The naming of things

“Nadia. What does it mean?” our guide, Nhlanhla ‘Lucky’ Mavusa, asked me as we made our way – slipping and sliding – down a steep embankment to a collection of 4 000-year-old rock paintings in Swaziland’s Nsangwini Valley.

“What does what mean, Lucky?” I replied, a little confused.

“Your name!” he exclaimed.

“Oh! Hmmm… well, I’ve looked it up. In Russian it apparently means ‘hope’ and in some other language it literally means ‘nothing’, which kind of sucks.”

A moment of silence from Lucky.

“So, your parents didn’t actually choose your name because of its meaning?”

A moment of silence from me.

“No. As far as I know they chose it because they thought it was pretty.”

In fact, it was actually my brother – three years old at the time – who had the final say, picking my name from a list of pretty sounding names my parents had constructed: Nadia lying dormant among the likes of Irene, Karin and Candice. But I didn’t admit this to Lucky.

“Okay. That’s interesting,” Lucky said. “Here in Swaziland the custom is for parents to name their babies something appropriate. For instance, my parents decided to name me Nhlanhla because they considered themselves lucky to have a first-born son. And Thulani – the guide you met the other day – maybe his family was fighting a lot before he came, but when he was born, he brought peace and quiet.”

Even though our conversation very much happened in passing, while I clung – white-knuckled – to shrubs and branches as stones and soil scattered from beneath the soles of my tekkies, it reawakened something I had once spent a lot of time thinking about:

The naming of things.

Probably inspired by my fascination with languages and the roots of words, I remember going through a phase somewhere in my teens where I would spend hours paging through a ‘Baby Name Book’ on a shelf in our home, looking up the names of family, friends and boys I liked in an effort to unlock the secrets to their souls (or something).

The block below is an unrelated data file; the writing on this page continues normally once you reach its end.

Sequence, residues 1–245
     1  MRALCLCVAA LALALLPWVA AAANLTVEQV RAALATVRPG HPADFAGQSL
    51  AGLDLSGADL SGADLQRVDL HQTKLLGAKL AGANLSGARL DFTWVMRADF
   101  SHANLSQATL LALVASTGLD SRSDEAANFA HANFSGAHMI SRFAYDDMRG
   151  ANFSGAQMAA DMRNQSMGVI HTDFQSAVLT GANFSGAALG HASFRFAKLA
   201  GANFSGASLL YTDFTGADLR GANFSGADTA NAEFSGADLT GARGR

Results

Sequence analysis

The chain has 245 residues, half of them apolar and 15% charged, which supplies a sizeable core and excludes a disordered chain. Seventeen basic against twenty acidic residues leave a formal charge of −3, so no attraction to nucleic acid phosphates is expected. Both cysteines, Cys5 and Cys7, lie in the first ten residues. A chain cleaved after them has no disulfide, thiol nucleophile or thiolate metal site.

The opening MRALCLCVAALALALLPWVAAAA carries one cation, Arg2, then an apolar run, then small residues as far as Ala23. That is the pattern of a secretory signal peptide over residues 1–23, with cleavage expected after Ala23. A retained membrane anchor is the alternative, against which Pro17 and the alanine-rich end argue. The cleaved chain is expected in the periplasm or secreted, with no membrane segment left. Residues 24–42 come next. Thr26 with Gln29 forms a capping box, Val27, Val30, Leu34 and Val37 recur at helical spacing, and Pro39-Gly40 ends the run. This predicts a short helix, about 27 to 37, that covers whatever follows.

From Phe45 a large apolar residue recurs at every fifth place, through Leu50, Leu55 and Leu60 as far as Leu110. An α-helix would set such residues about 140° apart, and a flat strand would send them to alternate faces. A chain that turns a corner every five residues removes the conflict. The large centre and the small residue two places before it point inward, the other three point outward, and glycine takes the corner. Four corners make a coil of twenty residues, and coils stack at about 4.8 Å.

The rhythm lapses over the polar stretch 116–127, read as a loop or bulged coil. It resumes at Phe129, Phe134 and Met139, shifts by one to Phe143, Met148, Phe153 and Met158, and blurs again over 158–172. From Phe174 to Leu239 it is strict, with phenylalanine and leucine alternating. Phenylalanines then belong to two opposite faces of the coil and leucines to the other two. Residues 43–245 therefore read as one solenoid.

Years later, my dear friend, Jana and I started chatting about our mutual interest in names. She said that she had once read a theory – that whether or not we know their meanings, names held a lot of power. So, every time someone called you by name, they spoke its blessing – it’s very rare for names to carry a curse – over you. However, because of this, a name can also become a sort of spiritual weak spot, an easy target for negativity to creep in.

In other words, say your name means ‘hope’ you will find that you would often be challenged in the field of feeling hopeful.

It made sense to me and made me think that perhaps it wasn’t so silly of my teenage self to feel that knowing the meaning of someone’s name could actually be key to a deeper understanding of their being.

Apart from this spiritual approach, I’ve always wondered how different my life would have looked had I been a Karin or a Candice or an Irene. Surely it would have changed a lot more than just the letters I put down on a page to define myself. Or maybe it wouldn’t have changed anything at all. How would one ever know?

Over dinner that evening, after our adventure in Nsangwini,  I told the other members of our group about my and Lucky’s conversation and asked if any of them knew the meaning of their names. Everyone only had a vague idea.

And then someone came up with a grand (probably relatively wine-infused) plan: let’s ask Lucky to give us each a siSwati name that really meant something. After spending five full days with us – pretty much day and night – he would surely have a good idea of what to call us.

So, on our very last night in Swaziland, following a delicious candlelit dinner at Hlane Royal National Park, we made our proposal to Lucky.

Caught off guard, he told us that he needed a bit of time, but that he would certainly come up with one for each of us. So, as we sipped our drinks and reminisced about our experiences of the few days before, Lucky ‘christened’ us one by one. Sadly I don’t remember everyone else’s (except the ever-bubbly Anel who was dubbed Jabulile, meaning joyful), but my own has really stuck.

“You, Nadia. Hmmm… I think I will call you Senanile. It means ‘all is well’. Because you are cool with everything.”

I didn’t know whether I should laugh or cry, because it connected so deeply with what Jana and I had chatted about all those many moons ago. Grateful for his laid-back perception of me, I have found myself tapping into my Swazi name ever so often since the trip, reminding myself that even though sometimes all is not well, all will be well at some point.

Senanile.

P.s. If you want to read more about my impressions of Swaziland, check out this article on Traveller24

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